“You should withdraw inwardly and search for the ground upon which you stand, thereby you will find out what truth is.”  Yun-Men Wen-yen

Like many in the career advice field, over the past year I’ve been researching and incorporating the concepts of personal branding and the use of social media in the job search.  Those two concepts have been joined at the hip by many, since often the focus of personal branding is on the communication of that brand, especially through the use of new media.

As I have probed, explored, and, in fact, become a voice for proactive use of them, I have simultaneously felt the need to make the case that personal branding still begins with thorough and on-going exploration of the self.  Digital natives and even those somewhat-more technologically challenged are drawn to the relative ease with which one can begin reaping benefits from the use of social media.  It’s easy to just roll up your sleeves, create some accounts and begin projecting oneself out into the world.

What seems to be undervalued, or at least under-discussed, in this wave of personal branding coverage is the process of introspection that should be the genesis of any person’s “brand.”  That isn’t to say that there is no value to be had simply by, for example, setting up a Twitter account and having conversations with people of interest.  Indeed, those conversations can be a valuable part of the exploration process. But, I think it’s important that we, as student affairs professionals, make sure we’re helping students to learn and utilize the tools of the day without skipping over the processes of contemplation that should drive so much of their decision making about jobs, careers and life.

What tools are you using to help students be both introspective and extrospective?

(cross posted on The Student Affairs Blog)

Gary Alan Miller

Choas and structure

I’m currently reading Nation of Wimps: The High Cost of Invasive Parenting, and  I find myself considering interesting convergence of issues between invasive parenting and the chaos theory of counseling.   In an article titled Counseling Chaos:  Techniques for Practitioners, Pryor and Bright state, “the complex array of potential influences, the limitations of one’s knowledge of others or oneself, and the historical uniqueness of every event will always thwart accurate predictability.”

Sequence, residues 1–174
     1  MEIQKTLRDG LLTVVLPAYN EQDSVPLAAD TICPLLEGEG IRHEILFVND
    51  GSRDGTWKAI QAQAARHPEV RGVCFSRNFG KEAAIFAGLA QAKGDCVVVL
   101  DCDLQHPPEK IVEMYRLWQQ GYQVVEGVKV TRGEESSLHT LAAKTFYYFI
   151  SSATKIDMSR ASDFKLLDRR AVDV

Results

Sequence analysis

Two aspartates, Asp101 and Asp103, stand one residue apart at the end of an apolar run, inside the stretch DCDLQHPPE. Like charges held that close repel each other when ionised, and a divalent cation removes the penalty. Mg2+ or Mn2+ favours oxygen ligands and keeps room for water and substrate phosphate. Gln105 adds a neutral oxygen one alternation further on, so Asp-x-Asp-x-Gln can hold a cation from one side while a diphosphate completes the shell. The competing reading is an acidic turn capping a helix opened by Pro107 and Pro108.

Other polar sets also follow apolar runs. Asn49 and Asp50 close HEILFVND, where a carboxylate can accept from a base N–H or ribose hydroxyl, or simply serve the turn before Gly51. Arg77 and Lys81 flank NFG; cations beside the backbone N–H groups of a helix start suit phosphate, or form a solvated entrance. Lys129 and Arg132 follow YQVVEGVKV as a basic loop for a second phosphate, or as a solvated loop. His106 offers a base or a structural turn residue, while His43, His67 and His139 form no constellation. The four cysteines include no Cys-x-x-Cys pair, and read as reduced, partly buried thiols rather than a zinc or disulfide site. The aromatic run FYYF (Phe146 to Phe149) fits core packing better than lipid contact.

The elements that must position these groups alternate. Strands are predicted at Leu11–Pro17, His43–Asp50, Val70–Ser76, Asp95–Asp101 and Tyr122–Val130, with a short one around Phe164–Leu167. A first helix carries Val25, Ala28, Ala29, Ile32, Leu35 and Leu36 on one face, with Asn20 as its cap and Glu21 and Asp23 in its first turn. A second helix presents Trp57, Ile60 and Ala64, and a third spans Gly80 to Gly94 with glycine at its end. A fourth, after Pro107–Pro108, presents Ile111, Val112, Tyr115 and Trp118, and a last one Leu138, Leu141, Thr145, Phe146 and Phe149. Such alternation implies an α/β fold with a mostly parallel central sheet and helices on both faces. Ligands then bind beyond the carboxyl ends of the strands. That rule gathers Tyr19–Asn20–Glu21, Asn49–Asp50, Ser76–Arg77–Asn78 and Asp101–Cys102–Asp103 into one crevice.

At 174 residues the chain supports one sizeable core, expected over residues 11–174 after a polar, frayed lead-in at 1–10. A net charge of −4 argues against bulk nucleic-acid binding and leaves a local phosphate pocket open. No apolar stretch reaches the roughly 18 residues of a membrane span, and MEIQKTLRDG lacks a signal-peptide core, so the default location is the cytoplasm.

If one takes a chaos view of the career choice process and add to it a narrow-in-scope upbringing, that student is even less prepared for the decision making processes that accompany (or at least should accompany) higher education.  We all experience some of that first-hand vis-a-vis “helicopter parents.”  But, these issues also make me curious about their connections to retention in the first career path upon graduation.

It stands to reason that a student who is less able or less willing to (or simply doesn’t) go through a process of personal discovery is more likely to land in a first career that is not a good fit for their strengths, values or interests, since that student may not really discover those qualities until they are in that first job.

There is more to ponder and research here…

Commentary: Graduates, don’t go home

There are plenty of news stories about the poor job market for new college graduates (see this one as an example), and the job market is, in fact, the worst one for those newly-minted bachelor’s holders as there has been in a while.  But, I have a word of advice for those grads:  don’t move back in with mom and/or dad.

The temptation will be great to do so — it’s free, it’s convenient, it’s comfortable.  But, I would like to argue with you for a moment that being uncomfortable may be the best thing for you right now.

We read about “hellicopter parents” and “teacup kids” nearly as much as we read about the job market. Today  I’m recommending that you buck that stereotype.  There is great value in blazing your own trail and making your own way, even if it means just scraping by temporarily with a job that is less-than-ideal.

We know that students often have transformational experiences when they study abroad.  Study abroad can really test the mettle of the average college student, as that individual finds their path, navigates a new culture, a new language and generally operates on their own.   In 2009, not returning home after graduation is the new study abroad.  Only now that “new culture” is adult life, and that “new language” is one of independence.  While it may be the harder path and seem a bit scary to you, the new graduate, it’s a path that will be more rewarding for you in the long run.

Jobs are fleeting, healthy independent lives are not.